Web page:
Tunica-Biloxi Tribe planning public rest area on Melacon Road

Public hearing on $200,000 project set for Saturday

What is now an overgrown tract of property will soon have a new road running through it and a public park to serve this community.

Artha Hale, Land & Roads Program manager for the Tunica-Biloxi Tribe, said the proposed rest area on Melacon Road Extension is the first phase of a long-range plan to restore that part of the reservation to its former beauty.

The rest area project would be funded by a $200,000 grant from the U.S. Bureau of Indian Affairs. A public hearing on that project is scheduled for 10 a.m. this Saturday (Dec. 9) in the tribe’s Cultural & Educational Resources Center on Melacon Road in Marksville.

“The tribe is extending Melacon Road, which is the main street into the reservation from La. Hwy 1,” Hale said. “That project is part of our plan to restore that part of the reservation land. Right now it is overgrown and doesn’t look like much, but we plan to change that.

“The Tribal Council decided that a ‘road to nowhere’ wasn’t worth much, so they decided to request funds for this rest area,” Hale added.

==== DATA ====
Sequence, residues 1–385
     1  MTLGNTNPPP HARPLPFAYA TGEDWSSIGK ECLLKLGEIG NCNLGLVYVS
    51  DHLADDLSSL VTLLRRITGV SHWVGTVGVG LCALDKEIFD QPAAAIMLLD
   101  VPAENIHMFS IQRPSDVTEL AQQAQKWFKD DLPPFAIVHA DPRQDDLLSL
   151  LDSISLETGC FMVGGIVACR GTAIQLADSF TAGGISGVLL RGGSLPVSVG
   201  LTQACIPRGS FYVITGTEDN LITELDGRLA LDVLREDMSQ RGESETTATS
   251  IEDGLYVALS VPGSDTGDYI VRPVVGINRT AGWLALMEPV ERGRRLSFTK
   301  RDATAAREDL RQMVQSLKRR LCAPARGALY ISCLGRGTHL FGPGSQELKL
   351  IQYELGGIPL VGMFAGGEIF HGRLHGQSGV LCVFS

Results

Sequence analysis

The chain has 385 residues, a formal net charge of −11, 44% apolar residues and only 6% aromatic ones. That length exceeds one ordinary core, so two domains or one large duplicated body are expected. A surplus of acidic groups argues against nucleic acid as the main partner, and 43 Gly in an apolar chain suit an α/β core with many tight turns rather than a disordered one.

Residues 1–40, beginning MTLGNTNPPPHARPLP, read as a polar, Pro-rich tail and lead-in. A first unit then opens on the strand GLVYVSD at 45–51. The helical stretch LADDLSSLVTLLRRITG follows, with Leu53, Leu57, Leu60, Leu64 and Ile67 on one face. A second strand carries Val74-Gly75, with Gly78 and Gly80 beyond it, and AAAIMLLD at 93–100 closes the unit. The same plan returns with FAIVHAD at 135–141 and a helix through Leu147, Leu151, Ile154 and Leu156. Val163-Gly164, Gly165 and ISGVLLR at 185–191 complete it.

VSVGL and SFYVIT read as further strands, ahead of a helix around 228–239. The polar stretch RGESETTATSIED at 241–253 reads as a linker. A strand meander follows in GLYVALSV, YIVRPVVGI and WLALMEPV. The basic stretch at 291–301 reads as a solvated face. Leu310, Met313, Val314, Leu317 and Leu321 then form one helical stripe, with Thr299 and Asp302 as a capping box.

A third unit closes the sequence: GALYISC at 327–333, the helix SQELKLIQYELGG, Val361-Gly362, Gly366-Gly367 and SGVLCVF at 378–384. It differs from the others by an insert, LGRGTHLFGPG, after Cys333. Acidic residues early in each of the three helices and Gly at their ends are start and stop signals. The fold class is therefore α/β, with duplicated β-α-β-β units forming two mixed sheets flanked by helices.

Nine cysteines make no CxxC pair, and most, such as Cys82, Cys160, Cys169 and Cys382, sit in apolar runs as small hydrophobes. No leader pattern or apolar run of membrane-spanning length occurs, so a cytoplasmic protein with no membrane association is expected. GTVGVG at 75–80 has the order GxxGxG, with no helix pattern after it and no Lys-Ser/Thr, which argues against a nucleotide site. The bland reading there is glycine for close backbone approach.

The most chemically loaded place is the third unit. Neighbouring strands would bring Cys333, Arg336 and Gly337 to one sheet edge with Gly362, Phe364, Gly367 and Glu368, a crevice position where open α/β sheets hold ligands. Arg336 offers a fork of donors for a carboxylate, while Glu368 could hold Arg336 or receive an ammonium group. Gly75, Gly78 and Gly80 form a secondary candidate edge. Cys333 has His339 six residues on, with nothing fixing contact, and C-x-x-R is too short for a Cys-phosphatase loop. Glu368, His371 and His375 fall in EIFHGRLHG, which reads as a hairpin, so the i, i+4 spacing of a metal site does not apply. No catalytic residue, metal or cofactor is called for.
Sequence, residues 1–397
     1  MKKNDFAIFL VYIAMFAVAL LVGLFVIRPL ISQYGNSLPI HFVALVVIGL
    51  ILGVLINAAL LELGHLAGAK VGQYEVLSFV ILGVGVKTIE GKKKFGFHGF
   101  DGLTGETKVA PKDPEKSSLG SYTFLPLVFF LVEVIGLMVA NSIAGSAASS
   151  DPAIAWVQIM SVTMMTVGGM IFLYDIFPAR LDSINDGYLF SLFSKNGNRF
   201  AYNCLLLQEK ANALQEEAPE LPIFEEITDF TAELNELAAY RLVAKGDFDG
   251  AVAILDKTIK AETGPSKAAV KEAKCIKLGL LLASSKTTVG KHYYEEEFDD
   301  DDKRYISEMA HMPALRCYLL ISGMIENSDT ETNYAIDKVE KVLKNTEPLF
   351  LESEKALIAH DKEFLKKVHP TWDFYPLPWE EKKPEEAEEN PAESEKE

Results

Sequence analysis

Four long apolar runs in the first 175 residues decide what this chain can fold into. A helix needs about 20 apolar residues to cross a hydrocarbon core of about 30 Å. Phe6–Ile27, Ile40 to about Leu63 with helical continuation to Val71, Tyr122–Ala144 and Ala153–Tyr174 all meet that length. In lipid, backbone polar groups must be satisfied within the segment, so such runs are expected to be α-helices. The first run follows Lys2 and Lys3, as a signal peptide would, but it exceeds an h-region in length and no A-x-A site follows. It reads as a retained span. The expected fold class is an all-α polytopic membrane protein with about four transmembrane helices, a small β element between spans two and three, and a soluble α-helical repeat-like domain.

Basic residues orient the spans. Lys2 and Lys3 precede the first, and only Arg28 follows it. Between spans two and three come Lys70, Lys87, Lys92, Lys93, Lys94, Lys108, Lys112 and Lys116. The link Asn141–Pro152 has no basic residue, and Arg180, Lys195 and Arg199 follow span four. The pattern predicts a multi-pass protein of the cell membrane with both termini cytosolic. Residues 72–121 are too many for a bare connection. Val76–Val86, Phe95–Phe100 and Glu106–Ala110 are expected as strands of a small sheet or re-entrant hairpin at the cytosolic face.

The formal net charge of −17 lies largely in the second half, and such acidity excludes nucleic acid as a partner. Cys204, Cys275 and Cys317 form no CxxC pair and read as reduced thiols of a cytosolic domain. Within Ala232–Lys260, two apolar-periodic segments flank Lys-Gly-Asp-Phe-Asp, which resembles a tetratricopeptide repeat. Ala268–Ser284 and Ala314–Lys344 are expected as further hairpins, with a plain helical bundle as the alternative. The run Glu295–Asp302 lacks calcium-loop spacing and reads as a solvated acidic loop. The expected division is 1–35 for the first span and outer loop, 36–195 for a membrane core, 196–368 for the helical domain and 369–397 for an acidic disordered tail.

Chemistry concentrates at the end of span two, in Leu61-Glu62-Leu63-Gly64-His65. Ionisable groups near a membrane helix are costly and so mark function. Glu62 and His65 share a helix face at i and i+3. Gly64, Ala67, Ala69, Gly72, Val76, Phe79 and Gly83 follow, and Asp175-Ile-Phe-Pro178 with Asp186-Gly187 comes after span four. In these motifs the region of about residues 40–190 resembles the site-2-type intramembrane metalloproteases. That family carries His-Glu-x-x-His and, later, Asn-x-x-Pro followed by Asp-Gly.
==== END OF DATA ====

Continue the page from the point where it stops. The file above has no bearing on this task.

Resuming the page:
The rest area will include a parking lot, restroom facilities, covered picnic tables, BBQ grills and a short limestone-surfaced walking trail that will be extended in a future phase of development at the site, Hale said.

A main feature of the site will be a bulletin board providing visitors information about the tribe’s history and culture, as well as announcing upcoming events and news items.

Although the rest area will be on the tribe’s reservation, off La. Hwy 1 in Marksville, Hale said it is important to note that non-tribal visitors will also be welcome.

“We promote our history and culture at the Resource Center on the reservation,” Hale said. “This will be another means to let the public know more about the Tunica-Biloxi Tribe.”

Hale said there is an ancient Native American mound at the site.

“State archaeologists excavated the site in the 1960s or early 1970s, I believe,” he said. “At this time, it is overgrown and you might not even know a mound is there, but it was once a significant site.”

Providing information on that mound is also a possible addition to the rest area project.

Hale said the rest area can be considered “Phase I” of what tribal authorities hope will eventually be a large public park to serve the entire community.

If there are no snags in the road project and the funding for the rest area, construction on the site should begin in the summer or fall of next year, Hale said.

To request a copy of the plan or to submit written comments about the project, contact Hale at 240-6452 or by email at ahale@tunica.org .

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